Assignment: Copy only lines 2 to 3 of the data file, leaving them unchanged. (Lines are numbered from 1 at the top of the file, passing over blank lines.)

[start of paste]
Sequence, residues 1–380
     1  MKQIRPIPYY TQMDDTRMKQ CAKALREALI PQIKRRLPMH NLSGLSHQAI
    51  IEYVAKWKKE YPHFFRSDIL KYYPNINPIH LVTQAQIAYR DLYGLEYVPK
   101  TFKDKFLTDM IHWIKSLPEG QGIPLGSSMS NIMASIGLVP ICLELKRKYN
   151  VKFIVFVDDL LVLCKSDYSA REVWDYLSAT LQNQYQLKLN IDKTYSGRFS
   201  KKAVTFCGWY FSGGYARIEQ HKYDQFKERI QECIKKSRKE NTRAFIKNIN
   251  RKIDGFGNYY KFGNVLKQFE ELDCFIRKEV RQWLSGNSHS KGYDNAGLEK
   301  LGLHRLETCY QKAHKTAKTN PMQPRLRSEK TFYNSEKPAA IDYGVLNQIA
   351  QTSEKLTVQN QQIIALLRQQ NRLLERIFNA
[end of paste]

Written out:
     1  MKQIRPIPYY TQMDDTRMKQ CAKALREALI PQIKRRLPMH NLSGLSHQAI
    51  IEYVAKWKKE YPHFFRSDIL KYYPNINPIH LVTQAQIAYR DLYGLEYVPK